• Students learn more deeply and remember what they learn.

  • Students build skills that will help them in college and on the job.

  • Students develop empathy through projects that impact their community, neighbors, and people across the globe.

  • Schools using PBL see a rise in attendance and graduation rates.

  • Schools using PBL see fewer discipline problems.

Information provided by Buck Institute for Education's Parent Guide

 

 

RESTORATIVE PRACTICES

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Students at Phoenix International Academy will experience a school culture rooted in principles of restorative practices.

Restorative practices include:

  • Strong and positive staff-student relationships

  • A discipline system the employs empathy and opportunities for learning at the core

  • Allowing students to be accountable for their actions, while providing them with the skills and tools needed to restore and repair harm that has been done

  • High quality social-emotional learning opportunities

In many schools, zero-tolerance and highly punitive discipline systems leave students feeling isolated and have long-term, negative impacts on the academic achievement of all students. Furthermore, the negative impacts of punitive discipline systems have disproportionately affected students of color and students with disabilities.

In contrast, at Phoenix International Academy, we see every moment as an opportunity for learning and a chance to further engage our students. When a student breaches the expectations of our community, they are supported to repair the harm that was caused and make our community even stronger than before.

Research has shown that a school community built on restorative practices leads to safer schools, less risky behavior from students, and higher academic achievement for all students!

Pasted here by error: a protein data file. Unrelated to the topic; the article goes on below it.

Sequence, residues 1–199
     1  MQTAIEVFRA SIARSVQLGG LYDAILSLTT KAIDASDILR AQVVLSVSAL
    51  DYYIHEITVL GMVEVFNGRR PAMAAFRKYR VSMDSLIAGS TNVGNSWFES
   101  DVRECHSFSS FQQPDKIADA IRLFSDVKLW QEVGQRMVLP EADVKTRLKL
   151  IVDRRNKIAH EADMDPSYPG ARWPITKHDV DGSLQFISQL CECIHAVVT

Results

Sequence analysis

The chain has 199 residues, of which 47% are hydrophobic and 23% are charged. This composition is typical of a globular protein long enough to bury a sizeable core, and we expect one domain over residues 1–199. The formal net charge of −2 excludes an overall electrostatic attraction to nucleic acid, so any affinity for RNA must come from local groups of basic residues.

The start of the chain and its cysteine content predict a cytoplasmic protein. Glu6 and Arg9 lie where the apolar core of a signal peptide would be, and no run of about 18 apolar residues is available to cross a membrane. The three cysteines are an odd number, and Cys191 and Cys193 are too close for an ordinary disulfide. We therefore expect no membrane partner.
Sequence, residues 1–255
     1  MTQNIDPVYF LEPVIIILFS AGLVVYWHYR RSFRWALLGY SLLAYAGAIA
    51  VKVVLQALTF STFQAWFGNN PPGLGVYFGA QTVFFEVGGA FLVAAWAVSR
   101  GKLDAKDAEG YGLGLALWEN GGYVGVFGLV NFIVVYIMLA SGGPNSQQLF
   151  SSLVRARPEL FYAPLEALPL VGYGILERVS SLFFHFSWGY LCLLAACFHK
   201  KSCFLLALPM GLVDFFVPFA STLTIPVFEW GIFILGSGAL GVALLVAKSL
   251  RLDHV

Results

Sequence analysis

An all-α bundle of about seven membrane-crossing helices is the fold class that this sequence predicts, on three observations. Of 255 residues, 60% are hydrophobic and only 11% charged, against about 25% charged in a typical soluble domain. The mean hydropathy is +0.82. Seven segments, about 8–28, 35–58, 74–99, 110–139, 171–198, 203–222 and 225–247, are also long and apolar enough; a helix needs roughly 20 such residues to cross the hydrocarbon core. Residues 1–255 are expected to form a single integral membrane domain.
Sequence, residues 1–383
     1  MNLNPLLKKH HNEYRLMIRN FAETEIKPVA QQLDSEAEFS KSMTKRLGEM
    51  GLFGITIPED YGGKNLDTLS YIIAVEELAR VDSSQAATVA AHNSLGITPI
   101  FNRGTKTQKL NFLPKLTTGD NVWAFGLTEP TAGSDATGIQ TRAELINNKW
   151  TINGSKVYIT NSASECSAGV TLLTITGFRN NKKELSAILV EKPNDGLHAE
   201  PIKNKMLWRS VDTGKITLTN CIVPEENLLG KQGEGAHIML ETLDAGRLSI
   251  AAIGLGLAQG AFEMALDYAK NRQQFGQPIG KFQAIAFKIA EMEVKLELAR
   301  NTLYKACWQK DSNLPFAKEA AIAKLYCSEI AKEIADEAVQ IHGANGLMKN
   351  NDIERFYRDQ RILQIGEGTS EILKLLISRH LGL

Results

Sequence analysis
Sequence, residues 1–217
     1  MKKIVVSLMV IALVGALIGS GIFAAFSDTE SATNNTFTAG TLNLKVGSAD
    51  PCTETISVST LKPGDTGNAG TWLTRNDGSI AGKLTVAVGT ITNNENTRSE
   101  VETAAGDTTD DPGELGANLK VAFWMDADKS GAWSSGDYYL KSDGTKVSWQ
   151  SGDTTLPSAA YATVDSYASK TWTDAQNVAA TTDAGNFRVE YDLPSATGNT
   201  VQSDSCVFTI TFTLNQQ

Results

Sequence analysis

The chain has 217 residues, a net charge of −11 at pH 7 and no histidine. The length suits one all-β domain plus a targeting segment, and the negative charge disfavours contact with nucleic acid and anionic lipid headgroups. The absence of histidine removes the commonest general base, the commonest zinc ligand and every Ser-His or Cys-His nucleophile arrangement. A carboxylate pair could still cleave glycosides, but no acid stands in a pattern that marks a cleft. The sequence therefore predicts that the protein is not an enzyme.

For more information, please visit the Discipline Revolution Project: http://disciplinerevolutionproject.org/research

 

 

PERSONALIZED LEARNING

In traditional schools, students are placed in grades and courses based on their age and the amount of time they’ve been in school, and they move to the next grade or the next course based on the amount of time they participate in a class.  They might earn a grade for that class, but typically, when the time period is over, they move on to the next level even if they haven’t learned the material particularly well. 

At Phoenix International Academy, personalized learning means that students learn and apply the most important skills they will need to be successful in life, regardless of how long it takes.  We have taken the time to build our school’s systems so that every student is learning and applying the skills they will need to be successful in the workplace of the future – challenging students to become independent, self-motivated learners, while they are being supported by the teacher and other instructional staff. 

Our personalized learning model has a few key components:

  • Teaching and learning is carefully designed so that students move on when they have demonstrated mastery.

  • Students are  required to apply skills and knowledge to new situations to demonstrate mastery and to create knowledge.

  • Students receive timely, differentiated support based on their individual learning needs.

  • Assessment is meaningful and powerful for students, not just a test or a quiz they take at the end of a unit or lesson.

  • Students receive rapid support that is tailored to their needs.

The teachers and staff at Phoenix International Academy work together with students and the community to develop and implement this learner-centered system where all students are successful, both at school and in life.